The way to appreciate a good whisky is in the company of some like minded people. This kind of experience evokes a spirit of congeniality which enables us to share our evocative tasting inferences and makes the entire exercise much more meaningful and a lot less complex.
A true appreciation is not exactly a tasting alone, in the real term its a sensory pursuit where we explore the following attributes to appreciate the whisky better – Color, Nose, Palate, Finish
Tasting is the key to this delightful conundrum, and here we’ll take you through the basic techniques used to goad your senses into fully appreciating the many facets of fine whisky.
When buying a book the first read is the back cover, for synopsis and testimonials, in a few words it captures the essence of the read. Thats characteristic of colour in a whisky as well, for when held up between your eyes and the closest light source it gives you a snapshot of your dram. The hue talks to you, for how long the whisky has approximately slept in the barrel, which kind of barrel it was, American Oak and Sherry Oak both lend colours which are at different ends of the spectrum, one a light gold and the other towards dark amber. An interplay of different casks and ages offers a colour palette with innumerable shades.
Your eyes can tell you a story which you really have not witnessed, so look deep, look hard.
This is the most sophisticated of our senses from the four attributes given above. It has the ability to discern beyond the obvious four that the barbaric tongue does. While nosing, pour your dram into a tasting glass. Now bring the nose close and take a long slow sniff. While nosing listen to your senses completely and no one else, what you sense is the moment of your tasting, so be honest !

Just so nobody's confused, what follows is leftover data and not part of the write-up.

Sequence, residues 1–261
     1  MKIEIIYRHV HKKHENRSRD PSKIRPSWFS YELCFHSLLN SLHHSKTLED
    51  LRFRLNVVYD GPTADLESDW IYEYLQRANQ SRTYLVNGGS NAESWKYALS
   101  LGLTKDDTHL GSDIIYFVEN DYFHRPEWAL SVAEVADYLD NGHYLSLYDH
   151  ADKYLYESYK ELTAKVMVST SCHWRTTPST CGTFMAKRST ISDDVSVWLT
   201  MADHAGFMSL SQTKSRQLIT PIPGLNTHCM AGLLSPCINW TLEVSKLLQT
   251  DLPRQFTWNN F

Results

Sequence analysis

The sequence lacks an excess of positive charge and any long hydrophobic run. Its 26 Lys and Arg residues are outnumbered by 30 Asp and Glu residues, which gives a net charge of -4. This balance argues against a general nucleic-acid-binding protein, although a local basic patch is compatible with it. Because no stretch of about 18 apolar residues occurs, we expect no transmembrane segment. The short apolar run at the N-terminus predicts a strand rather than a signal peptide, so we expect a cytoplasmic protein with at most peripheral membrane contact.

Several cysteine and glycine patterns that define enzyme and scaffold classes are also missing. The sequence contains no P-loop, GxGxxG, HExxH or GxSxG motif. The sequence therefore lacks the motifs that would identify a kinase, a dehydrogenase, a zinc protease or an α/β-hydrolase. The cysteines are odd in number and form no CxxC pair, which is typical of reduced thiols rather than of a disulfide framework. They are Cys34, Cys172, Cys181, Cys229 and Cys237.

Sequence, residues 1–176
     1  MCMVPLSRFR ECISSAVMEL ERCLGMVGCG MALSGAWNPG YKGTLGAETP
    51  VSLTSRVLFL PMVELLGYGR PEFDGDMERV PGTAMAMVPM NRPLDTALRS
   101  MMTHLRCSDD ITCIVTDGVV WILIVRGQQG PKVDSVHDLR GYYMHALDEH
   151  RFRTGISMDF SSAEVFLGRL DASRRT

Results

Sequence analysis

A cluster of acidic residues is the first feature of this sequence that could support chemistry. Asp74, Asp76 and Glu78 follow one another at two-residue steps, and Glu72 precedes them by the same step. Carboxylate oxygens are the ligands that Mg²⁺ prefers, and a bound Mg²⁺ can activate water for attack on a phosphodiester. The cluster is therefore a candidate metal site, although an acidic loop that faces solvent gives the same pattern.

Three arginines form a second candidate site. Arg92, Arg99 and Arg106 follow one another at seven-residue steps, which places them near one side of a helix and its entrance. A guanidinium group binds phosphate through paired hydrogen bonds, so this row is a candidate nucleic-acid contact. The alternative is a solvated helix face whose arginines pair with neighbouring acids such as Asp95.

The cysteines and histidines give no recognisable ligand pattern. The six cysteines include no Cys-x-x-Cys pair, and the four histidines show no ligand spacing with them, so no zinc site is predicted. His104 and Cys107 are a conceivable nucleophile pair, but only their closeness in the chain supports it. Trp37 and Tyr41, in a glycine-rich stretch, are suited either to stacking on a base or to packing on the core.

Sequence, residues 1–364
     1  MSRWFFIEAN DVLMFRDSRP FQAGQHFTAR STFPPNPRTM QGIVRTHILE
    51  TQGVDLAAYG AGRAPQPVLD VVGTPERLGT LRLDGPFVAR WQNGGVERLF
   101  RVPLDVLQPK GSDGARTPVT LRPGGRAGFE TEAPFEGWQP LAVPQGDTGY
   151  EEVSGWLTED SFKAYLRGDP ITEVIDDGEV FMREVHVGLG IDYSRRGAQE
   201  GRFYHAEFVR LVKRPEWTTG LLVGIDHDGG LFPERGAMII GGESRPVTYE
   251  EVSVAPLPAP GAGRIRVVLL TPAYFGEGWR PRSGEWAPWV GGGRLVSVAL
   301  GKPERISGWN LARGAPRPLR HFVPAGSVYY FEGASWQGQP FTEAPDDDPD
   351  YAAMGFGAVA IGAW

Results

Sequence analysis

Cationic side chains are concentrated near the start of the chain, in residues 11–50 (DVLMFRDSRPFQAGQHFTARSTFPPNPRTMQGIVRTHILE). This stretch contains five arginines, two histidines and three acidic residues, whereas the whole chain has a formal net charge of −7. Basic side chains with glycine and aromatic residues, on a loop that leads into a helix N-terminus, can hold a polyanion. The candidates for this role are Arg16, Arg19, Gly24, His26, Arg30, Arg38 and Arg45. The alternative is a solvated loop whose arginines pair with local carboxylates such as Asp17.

The nose is extremely evocative and has an ability to draw out a strong sense of correlation to your past, grandma’s chest, mother’s kitchen while she was baking, father’s old hat, rain on grass, cutting of wood. Thats how the notoriously complex to define aromas become easier to define.
Our elementary tongue throws up four well known tastes, sweet, salty, bitter and sour. However lately, many experts exceedingly use the term “umami” meaning flavour quite often used to describe meaty or savoury flavours. In our case lets go back to these four tastes, each of these four rest on the different parts of the tongue.
So it makes perfect sense, while tasting, that you take the liquid in your mouth and hold it for a few seconds. Roll it around your tongue to stimulate the taste buds before gliding it down your throat.
In addition to the taste, the tongue gives you an opportunity to interact with the liquid to understand the texture and viscosity of the liquid. Add a bit of water to your whisky to enhance your tasting experience.
This refers to the longevity of the flavour lasting in your mouth after you have swallowed it. Finish is referred as short, medium, long. A good whisky has a lingering, uniform finish where all the core aspects of tasting can still be cherished